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Convoluted role-playing game, metastasized immersive-theater event or cult? The San Francisco/Oakland phenomenon called the Latitude Society was many different things even to the relative handful of people who were part of it. Full of mystery, elaborate contrivance and attention to detail, it’s a tantalizing subject, and one that, if you read about it in a journalistic account, would seem to demand a documentary. That demand is only partly satisfied by Spencer McCall’s In Bright Axiom, largely thanks to the filmmakers’ involvement in the thing they’re depicting. Not sure whether it wants to provide a factual account, sympathize with those who mourn the Society’s closing or seduce viewers into the group’s mythology, the film is more straightforward than another McCall made, 2013’s The Institute, about a closely related project. But it still feels insufficiently honest — like a magician who will hint strongly at how a trick is done, but still wants you to believe he has supernatural powers.
Society members were sometimes invited by complete strangers, in a process the doc describes evocatively, often with POV footage putting us in the unsuspecting person’s shoes: You’d be given a white key card and an address, entering a building whose nondescript exterior gave no hint of its contents. No one was inside to greet you, but a slide carried you through a passageway to a strange library where an odd tale began. Robocalls would then guide participants out onto the streets, where little clues and experiences were littered about like the elements of a scavenger hunt.
By the time clues led a solitary traveler out to a wooded property in Mendocino, we’re told, a kind of self-hypnosis might well have set in — a willingness to believe in worlds beyond this one. Some report worrying that this was the brainwashing stage of a cult induction; soon, they found a party and the assurance that they were “new alchemists” in an effort to expand society’s consciousness.
Interviewees are not identified here, which, intentionally or not, makes it hard to know who came to the Society unawares and who was a part of designing it. But soon it’s clear there was overlap between the two groups — that newcomers were expected to create novel experiences for each other, at least some of which would fit inside the narrative framework established in the invitation ritual.
Many took this all very seriously. Describing the power some group events had on her, one woman suggests they were “using the technologies of religion without the dogma” — allowing modern urban agnostics to enjoy the pleasures of ritual and symbolism.
But the sense of higher purpose had a downside. Though the doc’s storytelling is muddled — often offering interviewees’ responses to a development without indicating what they’re responding to — we learn that, after becoming emotionally attached to the Society, members were abruptly told they’d have to pay a membership fee. It wasn’t a high price to pay for the parties they’d been attending, but for a variety of reasons, many thought it was at odds with Latitude’s vibe. At some point after this turned into a group-wide controversy (again, the timeline is murky), Latitude’s founder Jeff Hull decided to shut things down, leaving many members genuinely bewildered or heartbroken.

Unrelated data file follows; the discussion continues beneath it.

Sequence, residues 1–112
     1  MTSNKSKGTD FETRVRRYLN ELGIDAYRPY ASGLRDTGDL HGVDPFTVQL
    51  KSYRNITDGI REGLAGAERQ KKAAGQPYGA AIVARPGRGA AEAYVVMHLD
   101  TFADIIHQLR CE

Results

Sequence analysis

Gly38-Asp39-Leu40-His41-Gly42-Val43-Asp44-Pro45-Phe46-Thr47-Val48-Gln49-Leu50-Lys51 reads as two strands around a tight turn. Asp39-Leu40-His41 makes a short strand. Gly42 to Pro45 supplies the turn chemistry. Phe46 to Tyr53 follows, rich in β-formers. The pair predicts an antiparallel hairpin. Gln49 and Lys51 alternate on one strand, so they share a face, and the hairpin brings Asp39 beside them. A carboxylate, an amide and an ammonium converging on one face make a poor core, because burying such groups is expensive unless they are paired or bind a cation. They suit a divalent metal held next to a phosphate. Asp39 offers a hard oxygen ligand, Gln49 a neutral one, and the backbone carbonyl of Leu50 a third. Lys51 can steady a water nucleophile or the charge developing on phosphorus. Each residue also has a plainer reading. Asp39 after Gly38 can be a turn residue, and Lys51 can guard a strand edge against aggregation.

Hull, the film’s executive producer, isn’t identified by name, and the extent to which he authored Latitude isn’t acknowledged. Sitting on a bed in a teddy bear-fur onesie and a tinfoil crown, he looks like the kind of rich kid who can afford not to think his ideas through before putting them into action. That may only be partly true: This excellent article makes it clear that Hull always saw Latitude in terms of a start-up company, albeit an artsy one with a shaky business plan.
That story also includes many important facts the movie doesn’t want to share with us. Instead, McCall devotes much time and expense to episodes that make literal some of the stories in the Latitude mythology. Mostly, they concern a fictitious Professor character on some kind of long quest. (He’s played by Geordie Aitken, who in real life has a business offering “leadership development, consulting and coaching to professional service companies.”) Though initially inviting, furthering the sense that we’re vicariously entering the Society ourselves, these come to feel extraneous once the film shifts focus to the membership dramas. Eventually we surmise that In Bright Axiom might hope, in addition to other aims, to be a kind of ritualized closure for those members who felt stranded when Hull shut things down. Go out into the world and continue what we started, the Professor suggests, “creating magic” for yourselves. And for the viewer who wasn’t there, and would like a straight answer or two, the film’s unstated message seems to be we’ll have to find those for ourselves as well.
Production companies: Pen and Banjo Films, Nonchalance
Director-editor: Spencer McCall
Screenwriters: Geordie Aitken, Farouz Gipson, Wylie Herman, Spencer McCall
Producers: Farouz Gipson, Wylie Herman, Spencer McCall
Executive producer: Jeff Hull
Directors of photography: Colin McAuliffe
Composer: Justin Robbins
Venue: Doc NYC
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